Exhibition preview
Exhibition preview

Imperial Weddings

March 9, 2024November 3, 2024

Schloss Hof

Schloss Hof

Fascinating aspects relating to the topic of weddings and marriage in the House of Habsburg - from the choice of partner to the engagement to the actual wedding celebrations - are the focus of this special exhibition.

The exhibition sheds light on the background of the Habsburgs' marriage policy, starting with the selection of potential spouses, courtship, the bridal journey and the wedding banquet. These elaborate events following an imperial wedding provided unforgettable highlights of courtly life.

The exhibition section at Schloss Hof estate deals with the question of what criteria the ideal bride or groom should fulfil ­– and most of all: who was good enough for the Habsburg Dynasty?

At Schloss Niederweiden, everything revolves around the ceremonies and the spectacular festivities, showing that weddings were undoubtedly among the most important events for the imperial family and were characterized by special pomp and elaborate productions.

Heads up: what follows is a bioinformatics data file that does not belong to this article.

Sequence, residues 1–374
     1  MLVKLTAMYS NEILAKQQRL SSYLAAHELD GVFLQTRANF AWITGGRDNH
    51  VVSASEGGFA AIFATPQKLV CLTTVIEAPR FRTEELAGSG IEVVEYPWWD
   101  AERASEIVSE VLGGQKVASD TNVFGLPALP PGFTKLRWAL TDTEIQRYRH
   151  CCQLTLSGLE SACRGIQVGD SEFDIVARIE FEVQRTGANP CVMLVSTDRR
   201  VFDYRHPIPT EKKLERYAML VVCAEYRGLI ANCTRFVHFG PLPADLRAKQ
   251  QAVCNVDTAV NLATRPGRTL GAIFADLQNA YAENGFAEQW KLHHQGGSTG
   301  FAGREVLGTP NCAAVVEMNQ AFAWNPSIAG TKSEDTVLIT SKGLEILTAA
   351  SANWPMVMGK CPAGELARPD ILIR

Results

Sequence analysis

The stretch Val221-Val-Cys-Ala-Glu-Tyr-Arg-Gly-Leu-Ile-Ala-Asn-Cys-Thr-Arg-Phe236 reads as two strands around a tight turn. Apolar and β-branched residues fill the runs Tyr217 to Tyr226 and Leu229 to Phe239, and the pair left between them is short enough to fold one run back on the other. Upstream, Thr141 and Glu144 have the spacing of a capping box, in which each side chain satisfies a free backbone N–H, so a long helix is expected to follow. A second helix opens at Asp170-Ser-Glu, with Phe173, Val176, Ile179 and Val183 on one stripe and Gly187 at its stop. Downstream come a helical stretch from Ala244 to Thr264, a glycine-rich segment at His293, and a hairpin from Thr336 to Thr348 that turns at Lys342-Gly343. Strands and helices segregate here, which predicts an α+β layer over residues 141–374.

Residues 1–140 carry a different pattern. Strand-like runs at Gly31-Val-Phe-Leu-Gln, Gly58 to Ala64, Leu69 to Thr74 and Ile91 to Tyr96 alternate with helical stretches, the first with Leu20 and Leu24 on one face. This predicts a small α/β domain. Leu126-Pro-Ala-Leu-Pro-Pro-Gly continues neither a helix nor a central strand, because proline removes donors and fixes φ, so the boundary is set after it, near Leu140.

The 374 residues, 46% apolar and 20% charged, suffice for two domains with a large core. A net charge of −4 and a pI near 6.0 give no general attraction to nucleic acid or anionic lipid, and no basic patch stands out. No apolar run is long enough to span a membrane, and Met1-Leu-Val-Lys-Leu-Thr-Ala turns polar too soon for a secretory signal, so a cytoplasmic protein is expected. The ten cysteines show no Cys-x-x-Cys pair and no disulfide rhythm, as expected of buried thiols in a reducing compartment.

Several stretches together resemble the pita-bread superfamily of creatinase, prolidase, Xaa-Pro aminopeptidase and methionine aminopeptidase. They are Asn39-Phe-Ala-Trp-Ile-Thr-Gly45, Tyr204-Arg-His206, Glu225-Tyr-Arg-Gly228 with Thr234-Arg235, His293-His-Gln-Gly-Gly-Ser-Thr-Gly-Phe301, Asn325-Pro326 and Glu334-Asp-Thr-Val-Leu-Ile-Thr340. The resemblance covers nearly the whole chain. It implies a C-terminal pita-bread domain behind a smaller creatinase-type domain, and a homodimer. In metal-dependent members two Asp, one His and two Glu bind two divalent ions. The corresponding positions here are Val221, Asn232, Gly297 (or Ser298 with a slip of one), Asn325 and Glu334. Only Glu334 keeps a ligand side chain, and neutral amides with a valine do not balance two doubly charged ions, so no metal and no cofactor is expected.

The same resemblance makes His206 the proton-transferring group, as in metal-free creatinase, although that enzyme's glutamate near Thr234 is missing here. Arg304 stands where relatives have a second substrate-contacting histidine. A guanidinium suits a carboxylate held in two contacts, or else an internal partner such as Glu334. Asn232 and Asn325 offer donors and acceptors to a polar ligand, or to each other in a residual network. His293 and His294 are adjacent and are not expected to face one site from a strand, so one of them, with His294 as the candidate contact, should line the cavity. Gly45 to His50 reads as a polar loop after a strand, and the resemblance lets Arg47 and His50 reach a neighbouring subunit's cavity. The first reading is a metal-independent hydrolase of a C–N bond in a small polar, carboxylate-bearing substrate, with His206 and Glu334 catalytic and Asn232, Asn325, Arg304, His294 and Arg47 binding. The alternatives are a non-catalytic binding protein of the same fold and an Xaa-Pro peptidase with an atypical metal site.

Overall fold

Fact & Figures

Curated by:

Exhibition part at Schloss Hof: Martin Mutschlechner

Exhibition part at Schloss Niederweiden: Katrin Harter and Birgit Schmidt-Messner

A representative selection of objects from the Schönbrunn Group's collection is shown, supplemented by exhibits from museum lenders and private collections.

Main topics of the exhibition:

Exhibition part at Schloss Hof:

In Love? Betrothed! Married.

At Schloss Hof, the focus is laid on the background of marriage policy, the decisive criteria when it came to choosing a partner and the dynastic expectations placed on a couple. The supposedly lovely theme should not obscure the fact that among the Habsburgs, marriage was a matter of love only in exceptional cases.

Marrying for the Good of the Dynasty

In ruling houses, a marriage meant not just the partnership of two individuals, but rather the union of two dynasties. As a rule, the imperial offspring were political pawns as soon as they reached marriageable age. There was virtually no say in choosing a partner..